The UK economy will benefit from two pieces of drink-related, non-related budget news. One is that Budweiser is planning to invest US$ 175 million at its two UK breweries – its Welsh site in Magor and the other In Samlesbury in Lancashire. The US brewer, which employs more than 1k at its two sites, will spend US$ 100 million to create 32 new jobs at Magor, with the balance invested at its English brewery, creating 23 new jobs. On completion, both capacity and efficiency. will improve, as a total of 3.6 million hectolitres, equating to 630 million pints a year, will be produced. In Q3 and Q4, Budweiser posted that it had hit its highest-ever sales levels in the off-trade, with growth levels of 19.6% and 23.4%.
The Biden administration has agreed to a four-month suspension of tariffs on UK goods including single malt whiskies that were imposed in retaliation over subsidies to the aircraft maker Airbus. (Other UK goods, including pork, cheese, cashmere and machinery, will also benefit from this decision). On 01 January, the UK dropped its own tariffs on some US goods put in place over a related dispute about US subsidies to Boeing – the US/EU decades-old tariff war continues but with Brexit, the Johnson administration has been able to lobby on its own behalf, as opposed to being one of twenty-seven states. Th scotch tariff has been in place for sixteen months during which time, US exports have slumped by 35%, costing the industry at least US$ 700 million, as well as losing its place, as the US’s number one whisky supplier.
The year started badly for the UK motor trade, with January car production 27% lower at 86k, compared to a year earlier. This was the worst January performance since 2009 and the seventeenth straight month of decline. The industry is petitioning for Covid-secure car showrooms to open before the current date of 12 April and hopes that the government unveils measures to extend Covid-19 support schemes, including the furlough programme, reform business rates to encourage manufacturing investment and to increase support for skills and training. It is estimated that the pandemic has cost the industry US$ 15.8 billion, driven by dwindling production. Other drivers, behind the sector’s demise, include global supply chain issues, hassles with post-Brexit trade with the EU and the fact that it is difficult to arrange test drives.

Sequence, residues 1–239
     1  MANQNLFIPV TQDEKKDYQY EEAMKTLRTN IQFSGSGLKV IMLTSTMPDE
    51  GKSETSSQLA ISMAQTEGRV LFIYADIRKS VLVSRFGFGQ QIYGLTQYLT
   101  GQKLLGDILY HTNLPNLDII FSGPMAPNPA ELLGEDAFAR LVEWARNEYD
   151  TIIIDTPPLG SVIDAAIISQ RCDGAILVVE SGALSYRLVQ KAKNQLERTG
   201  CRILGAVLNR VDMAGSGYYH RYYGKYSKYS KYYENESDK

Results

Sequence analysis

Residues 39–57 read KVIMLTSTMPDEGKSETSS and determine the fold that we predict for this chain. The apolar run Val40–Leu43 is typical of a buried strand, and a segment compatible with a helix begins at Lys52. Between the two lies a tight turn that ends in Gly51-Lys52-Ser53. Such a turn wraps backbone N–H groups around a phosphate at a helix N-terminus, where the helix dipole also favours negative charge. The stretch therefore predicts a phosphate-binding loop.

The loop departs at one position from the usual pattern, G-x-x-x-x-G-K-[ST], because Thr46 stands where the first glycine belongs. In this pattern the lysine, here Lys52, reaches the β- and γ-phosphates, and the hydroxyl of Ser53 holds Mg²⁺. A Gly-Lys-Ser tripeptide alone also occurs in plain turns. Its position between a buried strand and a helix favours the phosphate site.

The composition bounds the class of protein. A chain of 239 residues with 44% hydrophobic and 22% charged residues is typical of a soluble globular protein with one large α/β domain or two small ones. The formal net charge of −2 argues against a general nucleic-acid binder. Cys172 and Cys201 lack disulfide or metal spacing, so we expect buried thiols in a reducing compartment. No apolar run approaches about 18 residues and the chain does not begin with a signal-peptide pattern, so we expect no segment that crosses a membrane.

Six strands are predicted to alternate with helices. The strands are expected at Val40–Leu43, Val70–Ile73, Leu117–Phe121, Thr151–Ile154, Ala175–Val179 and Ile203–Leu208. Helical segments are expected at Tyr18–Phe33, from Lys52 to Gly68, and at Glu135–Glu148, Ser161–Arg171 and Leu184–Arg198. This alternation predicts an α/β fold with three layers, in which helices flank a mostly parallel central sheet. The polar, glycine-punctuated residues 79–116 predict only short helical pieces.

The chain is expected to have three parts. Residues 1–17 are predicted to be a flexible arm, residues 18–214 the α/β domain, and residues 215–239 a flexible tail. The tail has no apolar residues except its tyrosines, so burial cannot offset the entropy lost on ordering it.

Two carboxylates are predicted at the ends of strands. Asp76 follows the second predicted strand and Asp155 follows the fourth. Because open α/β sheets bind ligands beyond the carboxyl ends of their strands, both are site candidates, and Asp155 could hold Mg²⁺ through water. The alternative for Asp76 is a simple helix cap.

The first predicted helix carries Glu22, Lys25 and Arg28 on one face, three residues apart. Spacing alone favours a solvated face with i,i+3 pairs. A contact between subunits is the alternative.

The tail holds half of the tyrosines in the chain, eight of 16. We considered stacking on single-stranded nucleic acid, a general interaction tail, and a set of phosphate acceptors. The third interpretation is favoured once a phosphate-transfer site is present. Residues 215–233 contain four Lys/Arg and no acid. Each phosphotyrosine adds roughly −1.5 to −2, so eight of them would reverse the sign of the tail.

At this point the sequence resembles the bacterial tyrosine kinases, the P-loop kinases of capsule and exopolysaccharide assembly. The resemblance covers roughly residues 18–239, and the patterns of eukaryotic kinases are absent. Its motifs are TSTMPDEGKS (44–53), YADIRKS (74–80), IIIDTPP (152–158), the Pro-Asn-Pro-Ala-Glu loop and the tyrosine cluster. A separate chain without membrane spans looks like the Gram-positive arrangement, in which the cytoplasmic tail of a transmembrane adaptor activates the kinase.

Aston Martin had a disastrous year, as losses almost quadrupled to US$ 585 million, from US$ 165 million in 2019, with revenues 37.6% lower at US$ 860 million, driven by the pandemic and a policy of destocking dealerships. The company’s new management wrote off US$ 140 million from previous engine and technology development and also expanded a deal with Mercedes Benz to take parts and some technology. It plans to make 500 jobs redundant and introduce cost cutting measures, saving US$ 35 million. Last year, Canadian billionaire Lawrence Stroll led a bailout with new management changing strategy based on F1 and restoring the brand’s luxury credentials. The company expects to sell 6k units this year, 50% of which will be their SUV model.